Ferraro makes comeback as mud still flies

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AT Grand Central Station, the crossroads of a million hurried lives, Geraldine Ferraro stood alone yesterday, handing out campaign leaflets in her bid to make a comeback from the political dead. People hurrying to their offices stopped in their tracks to take the measure of the woman known to everyone as 'Gerry'. Some timidly approached the now grey- haired but otherwise unmistakable candidate, to take the literature, or to talk. Others asked for her autograph.

Despite the 49-state rout in her 1984 bid to become America's Democratic vice-president to Walter Mondale, Ms Ferraro remains a powerful symbol for female achievement here. She is as outspoken as ever on issues such as abortion. On the stump she projects warmth and intelligence, backed up with a quintessentially New York attitude of treating critics like potential rapists and muggers. From the outset of the race she has led the field for the Democratic nomination in the race to become New York's second senator.

She is razor-sharp in her dealings with the press and is guaranteed to turn out a quotable phrase at the slightest provocation. 'I consider myself pretty good at talking to people; I've only had two stiff conversations in my life,' she said during a pause from frenzied hand-shaking and passing out leaflets in Grand Central station, 'one with Margaret Thatcher, and the other with the Pope. Neither of them liked me very much.'

With the Democratic primary less than two weeks away, Ms Ferraro faces renewed media allegations that she or her family has business and political links with the Mafia.

The Village Voice has led the charge against her, publishing new allegations that she allowed a Mafia operative and child pornographer to remain as a tenant in a building she owned, years after she promised to evict him. The Ferraro family allegedly made an extra dollars 300,000 ( pounds 150,000) by allowing a company owned by the mobster-pornographer to stay on as a tenant. He was eventually murdered in a mob feud in 1986.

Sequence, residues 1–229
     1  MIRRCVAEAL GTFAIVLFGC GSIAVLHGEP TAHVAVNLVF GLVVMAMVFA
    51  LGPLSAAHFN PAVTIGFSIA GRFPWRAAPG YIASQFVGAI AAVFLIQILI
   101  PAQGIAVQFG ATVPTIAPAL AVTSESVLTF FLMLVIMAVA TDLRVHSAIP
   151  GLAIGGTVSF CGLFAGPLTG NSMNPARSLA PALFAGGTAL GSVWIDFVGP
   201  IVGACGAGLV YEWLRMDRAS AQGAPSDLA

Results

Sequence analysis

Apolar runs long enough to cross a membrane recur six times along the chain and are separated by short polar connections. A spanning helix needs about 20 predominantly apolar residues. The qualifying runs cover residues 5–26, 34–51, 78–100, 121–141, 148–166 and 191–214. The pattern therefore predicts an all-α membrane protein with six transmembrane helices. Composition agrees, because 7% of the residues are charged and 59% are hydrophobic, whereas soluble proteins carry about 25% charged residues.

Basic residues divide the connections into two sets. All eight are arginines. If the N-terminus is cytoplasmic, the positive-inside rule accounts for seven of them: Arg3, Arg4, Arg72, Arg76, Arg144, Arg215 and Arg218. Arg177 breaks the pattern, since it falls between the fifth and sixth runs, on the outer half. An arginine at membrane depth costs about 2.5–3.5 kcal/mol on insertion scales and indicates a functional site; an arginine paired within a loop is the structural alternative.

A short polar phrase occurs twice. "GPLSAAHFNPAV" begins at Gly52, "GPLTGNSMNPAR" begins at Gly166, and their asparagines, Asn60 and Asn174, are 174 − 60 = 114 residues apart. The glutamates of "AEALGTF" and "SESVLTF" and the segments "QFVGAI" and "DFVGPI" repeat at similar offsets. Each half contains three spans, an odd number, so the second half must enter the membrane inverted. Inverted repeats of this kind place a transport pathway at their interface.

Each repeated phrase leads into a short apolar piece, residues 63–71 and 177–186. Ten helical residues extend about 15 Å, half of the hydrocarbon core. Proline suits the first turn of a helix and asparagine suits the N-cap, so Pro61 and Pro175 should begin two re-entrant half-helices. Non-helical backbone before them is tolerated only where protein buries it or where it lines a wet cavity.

The Voice also alleged that her son, who was convicted of trying to sell cocaine two years ago, was given a 'sweetheart deal' on a lease on a shop he owns, because of the Ferraro family's alleged contacts with the New York mafia.

Though explosive, the new allegations have been largely ignored in the other New York papers. Ms Ferraro has a 30-point lead over her Democratic opponents, Elizabeth Holtzman, the city's financial controller, Robert Abrams, New York State's attorney-general, and the radical black candidate the Rev Al Sharpton. The candidates, who all promised to campaign cleanly, have started to refer to the allegations in the hope that some mud will stick.

Ms Ferraro's response has been white-hot anger at what she says is an attempt to smear her simply because of her Italian-American origin. 'This is an ethnic slur, and it's nothing more than that,' she said.

'How do I feel? Terrible, that one's ethnic background is the target of dirt like that. The only good thing is, thank God my mother is not here to see it. It hurt her in 1984 - I'm glad she's not here to see it now.'

Whether Ms Ferraro, who has previously served as a congresswoman from New York, can survive the onslaught on her character clearly depends on whether New York's 4 million registered voters believe her denials of the allegations. As she stood in Grand Central, that potent symbol for the power of the New York City, and was applauded by passing commuters, it seemed that voters were not all that worried about the stories.

She stepped up the attack on her opponents yesterday, calling on them to 'crawl out of the gutter'. In television commercials she has depicted herself as the victim of a smear such as was levelled at Anita Hill after she complained to a Senate committee of sexual harassment, when it was considering Clarence Thomas' candidacy for the Supreme Court.

Ms Ferraro has claimed that she is the victim of a witch-hunt. Her campaign spokesman said: 'No one has accused her of the slightest wrong-doing. The real nature of these allegations is entirely similar to the allegations of someone being a Communist sympathiser.'

The decision will rest with the core of Democratic voters in New York who trouble to vote in primaries. One opposing campaigner said: 'We fear they will support Gerry, because of what she represents as a woman and a Democrat. The Democrats who supported her in the 1984 (presidential) race, are still rooting for Gerry.'

(Photograph omitted)